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Two New Race-Baiting Films By: Debbie Schlussel
FrontPageMagazine.com | Friday, January 13, 2006

Lately, race seems to be Hollywood's silver screen obsession of choice.

This weekend, there are two such race-based movies making their debut. Both are feel-good, uplifting movies. But they "uplift" at the expense of healing the racial divide.

Both movies, "Glory Road" and "Last Holiday", are entertaining. But they employ racism against Whites that would never be accepted in the reverse. And both films raise questions regarding when Hollywood will stop focusing on race at the box office--and what possible good the tactic achieves.

One of these films, "Glory Road," is billed as a fact-based movie. But, in fact, it takes huge liberties with the truth. The other, "Last Holiday," an entertaining fantasy, unnecessarily uses bumbling and evil White characters. It's time for both types for both tactics to end . . . if Hollywood wants to stop the red ink gushing from its silver screen bottom line.


"Last Holiday", starring Queen Latifah and co-starring LL Cool J, is the story of a lower middle-class, unappreciated department store clerk, Georgia Byrd (Latifah), living a sad and lonely life of fantasies. She finds out she has three weeks to live when it is discovered that she has malignant tumors in her brain. Georgia decides to cash in all her stocks and bonds to live out her Walter Mitty fantasies in her last days at a swanky Czechoslavakian resort, right out of "Lifestyles of the Rich and Famous."

"Last Holiday" is charming, fun, entertaining, and features beautiful cinematography. For those of us who've never lived it up at a lavish resort, this movie is almost like experiencing it vicariously through Georgia. And it's very funny.

But it is also heavy on subtle reverse-racism. Almost all White characters in "Last Holiday" are evil, dopey, or both. And vice versa, with the exception of a light-skinned, Uncle Tom Senator who might as well be White. Then, there's the big-business-is-evil premise intertwined subtly woven into the race issue, too. The flashy, evil, lecherous, White magnate (played by Timothy Hutton)--who owns the department store at which Georgia worked--is the villain.

Georgia and Sean (LL Cool J), the man of her dreams, are pure and, again, the White characters aren't. We get the message.

On the other hand, the movie has a couple of very positive themes throughout: Georgia's deep belief in G-d despite knowing she will soon die without living a full life; and the message that one should try to live every day to the fullest possible. It's too bad the subtle race, class, and anti-business messages were mixed in.

Then, there's "Glory Road", which depicts the real-life story of how Coach Don Haskin led Texas Western's amazing 1966 NCAA basketball championship win over the Kentucky Wildcats, the first championship team to feature an all-Black starting line-up. The movie depicts the team's entire Cinderella season and how Haskins built it from nothing into a powerhouse by daring to cross racial lines in recruiting.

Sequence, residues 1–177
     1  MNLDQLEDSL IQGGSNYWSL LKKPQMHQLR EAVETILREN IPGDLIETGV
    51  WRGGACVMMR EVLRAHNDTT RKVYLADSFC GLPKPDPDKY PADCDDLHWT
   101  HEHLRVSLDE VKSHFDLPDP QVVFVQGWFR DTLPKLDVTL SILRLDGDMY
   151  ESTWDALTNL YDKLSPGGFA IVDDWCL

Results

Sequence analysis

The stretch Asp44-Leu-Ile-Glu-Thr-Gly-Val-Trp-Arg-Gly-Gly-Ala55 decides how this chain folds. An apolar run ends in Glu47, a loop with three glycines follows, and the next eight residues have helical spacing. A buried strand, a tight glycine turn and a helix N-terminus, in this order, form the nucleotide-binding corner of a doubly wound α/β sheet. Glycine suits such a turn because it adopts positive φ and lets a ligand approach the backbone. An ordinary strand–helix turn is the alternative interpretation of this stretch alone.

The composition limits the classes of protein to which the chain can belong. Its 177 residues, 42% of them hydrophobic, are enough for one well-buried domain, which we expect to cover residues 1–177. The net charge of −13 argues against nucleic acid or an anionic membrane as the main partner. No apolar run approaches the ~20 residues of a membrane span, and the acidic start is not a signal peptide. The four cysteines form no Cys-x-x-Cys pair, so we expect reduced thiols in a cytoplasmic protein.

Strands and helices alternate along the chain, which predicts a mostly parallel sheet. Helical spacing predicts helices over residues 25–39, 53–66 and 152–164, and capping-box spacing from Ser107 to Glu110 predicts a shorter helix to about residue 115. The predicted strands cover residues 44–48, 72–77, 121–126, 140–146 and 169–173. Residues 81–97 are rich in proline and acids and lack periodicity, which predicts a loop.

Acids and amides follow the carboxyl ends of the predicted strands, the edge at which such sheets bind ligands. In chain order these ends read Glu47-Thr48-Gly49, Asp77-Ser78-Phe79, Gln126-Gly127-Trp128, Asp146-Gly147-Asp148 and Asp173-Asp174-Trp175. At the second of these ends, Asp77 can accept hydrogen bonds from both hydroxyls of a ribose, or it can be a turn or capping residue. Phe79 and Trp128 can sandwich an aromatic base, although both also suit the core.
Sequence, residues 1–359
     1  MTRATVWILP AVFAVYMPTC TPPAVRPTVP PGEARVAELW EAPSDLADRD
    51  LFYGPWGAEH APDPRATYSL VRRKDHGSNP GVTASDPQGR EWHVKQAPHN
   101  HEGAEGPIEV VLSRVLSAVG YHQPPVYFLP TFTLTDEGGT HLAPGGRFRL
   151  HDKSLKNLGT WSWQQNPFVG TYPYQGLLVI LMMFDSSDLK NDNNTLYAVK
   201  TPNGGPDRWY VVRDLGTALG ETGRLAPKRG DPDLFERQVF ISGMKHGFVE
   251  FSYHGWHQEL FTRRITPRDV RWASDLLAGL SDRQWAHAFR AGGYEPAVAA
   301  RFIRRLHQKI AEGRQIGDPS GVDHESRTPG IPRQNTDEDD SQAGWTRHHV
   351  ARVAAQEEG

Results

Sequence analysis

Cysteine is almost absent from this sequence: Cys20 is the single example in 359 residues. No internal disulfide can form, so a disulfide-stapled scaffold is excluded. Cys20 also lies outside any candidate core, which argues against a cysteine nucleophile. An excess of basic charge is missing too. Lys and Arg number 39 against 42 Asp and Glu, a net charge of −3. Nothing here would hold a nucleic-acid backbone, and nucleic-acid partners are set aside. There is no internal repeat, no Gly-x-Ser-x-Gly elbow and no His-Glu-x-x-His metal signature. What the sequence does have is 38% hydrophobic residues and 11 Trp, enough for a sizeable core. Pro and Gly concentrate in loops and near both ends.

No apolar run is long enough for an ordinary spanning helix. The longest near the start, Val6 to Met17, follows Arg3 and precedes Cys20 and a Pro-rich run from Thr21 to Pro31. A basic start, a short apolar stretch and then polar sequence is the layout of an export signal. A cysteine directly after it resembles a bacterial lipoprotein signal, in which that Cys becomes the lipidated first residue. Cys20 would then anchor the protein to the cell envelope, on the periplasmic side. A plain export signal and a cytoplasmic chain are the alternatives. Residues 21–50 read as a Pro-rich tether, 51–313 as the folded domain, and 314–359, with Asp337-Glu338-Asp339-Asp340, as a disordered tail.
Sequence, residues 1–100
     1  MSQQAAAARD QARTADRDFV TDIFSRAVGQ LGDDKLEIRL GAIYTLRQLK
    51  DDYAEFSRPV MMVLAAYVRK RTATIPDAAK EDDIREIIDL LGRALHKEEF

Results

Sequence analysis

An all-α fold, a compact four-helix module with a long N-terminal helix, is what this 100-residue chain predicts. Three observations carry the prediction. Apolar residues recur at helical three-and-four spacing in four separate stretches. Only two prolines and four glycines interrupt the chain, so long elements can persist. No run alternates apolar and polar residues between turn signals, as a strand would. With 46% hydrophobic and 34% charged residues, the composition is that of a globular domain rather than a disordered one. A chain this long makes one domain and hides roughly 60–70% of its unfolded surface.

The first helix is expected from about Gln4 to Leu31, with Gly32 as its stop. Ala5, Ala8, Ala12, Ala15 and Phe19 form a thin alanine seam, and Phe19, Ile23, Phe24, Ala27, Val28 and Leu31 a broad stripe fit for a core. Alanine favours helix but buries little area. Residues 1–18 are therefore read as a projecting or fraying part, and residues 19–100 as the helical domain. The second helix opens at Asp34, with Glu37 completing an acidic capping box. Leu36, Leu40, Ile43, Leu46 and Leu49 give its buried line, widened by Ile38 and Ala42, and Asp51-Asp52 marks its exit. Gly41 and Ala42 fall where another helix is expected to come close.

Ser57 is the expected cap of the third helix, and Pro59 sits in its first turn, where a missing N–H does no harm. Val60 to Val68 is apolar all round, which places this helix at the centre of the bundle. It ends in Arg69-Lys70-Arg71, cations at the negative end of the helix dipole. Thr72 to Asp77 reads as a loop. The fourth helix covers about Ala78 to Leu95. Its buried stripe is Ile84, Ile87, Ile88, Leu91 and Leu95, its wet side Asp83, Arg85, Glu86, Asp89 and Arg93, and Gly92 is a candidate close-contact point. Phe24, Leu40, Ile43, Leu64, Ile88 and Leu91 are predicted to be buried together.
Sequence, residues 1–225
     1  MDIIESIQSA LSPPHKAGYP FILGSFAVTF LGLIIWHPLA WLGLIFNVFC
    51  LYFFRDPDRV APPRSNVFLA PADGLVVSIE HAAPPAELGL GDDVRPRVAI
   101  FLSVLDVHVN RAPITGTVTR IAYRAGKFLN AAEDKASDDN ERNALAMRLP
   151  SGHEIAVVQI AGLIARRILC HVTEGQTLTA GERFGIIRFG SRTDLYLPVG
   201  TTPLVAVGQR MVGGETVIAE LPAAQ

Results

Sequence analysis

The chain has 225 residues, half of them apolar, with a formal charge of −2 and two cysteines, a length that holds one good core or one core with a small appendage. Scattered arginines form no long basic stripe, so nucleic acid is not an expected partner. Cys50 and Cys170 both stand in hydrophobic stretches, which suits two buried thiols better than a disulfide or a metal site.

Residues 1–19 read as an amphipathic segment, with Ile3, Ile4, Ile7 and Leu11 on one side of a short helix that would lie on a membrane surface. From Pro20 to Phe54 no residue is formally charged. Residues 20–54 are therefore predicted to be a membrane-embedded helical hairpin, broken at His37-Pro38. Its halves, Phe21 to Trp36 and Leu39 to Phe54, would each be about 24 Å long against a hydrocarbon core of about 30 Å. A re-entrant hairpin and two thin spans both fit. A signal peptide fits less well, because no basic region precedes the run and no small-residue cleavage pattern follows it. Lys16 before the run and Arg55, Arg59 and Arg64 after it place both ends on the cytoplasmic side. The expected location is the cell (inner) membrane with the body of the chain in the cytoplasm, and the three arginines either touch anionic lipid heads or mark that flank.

I saw "Glory Road" at a special screening for the friends, family, and neighbors of the late Bobby Joe Hill, one of those players (he hailed from the Detroit area's Highland Park). I was one of four White people in the entire theater. That is important only because I saw and heard the largely Black audience cheer anti-White parts of the movie, and wondered how films like this can possibly help America. The audience jeered stark examples of racism against the Black players in the movie, but laughed when the Black players repeatedly called Whites "honkies".

Yes, it is a tremendous achievement that the championship Texas Western team depicted in the movie won against all odds, including racism. But is repeatedly focusing on race a good thing? Judging from the hooting and jeering at the movie, I'm not quite sure.

Then, there is the major lie in the movie--a movie whose promoters and sports media galore have been claiming is truthful: The reason Haskins started the all-Black line-up in the championship game. And actually, the version shown in the movie is an insult to these Black players, but a boon for affirmative action and reverse racism supporters.

In "Glory Road," Haskins calls a meeting of the players the night before the championship game. He tells them that he will only be starting and playing his Black players because he wants to make a statement to America about civil rights. It's an important scene in the movie.

But it never happened.

USA Today reports that Haskins said "it never occurred to him to put anybody but his best players on the court. It just happened that his five starters were black, which prior to that moment was unheard of in a national championship game."

In his book, "Glory Road: My Story of the 1966 NCAA Basketball Championship and How One Team Triumphed Against the Odds and Changed America Forever," (on which this movie is supposed to be based)Haskins wrote: "All I ever sought to do was win the game. I certainly did not expect to be some racial pioneer or change the world."

Clearly, Haskins did not pick these players for the Big Game because of their race--but because they were the BEST players on his team.

And that's the problem with this glut of race-based movies. They send the wrong message--a false message. And they usually seem to only serve to divide.

Whether at the movies or otherwise, the more we focus on race in America, the less likely we will ever get away from problems associated with it.

And that can't be good for America.

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Visit Debbie Schlussel's website at DebbieSchlussel.com. She can be reached at writedebbie@gmail.com.

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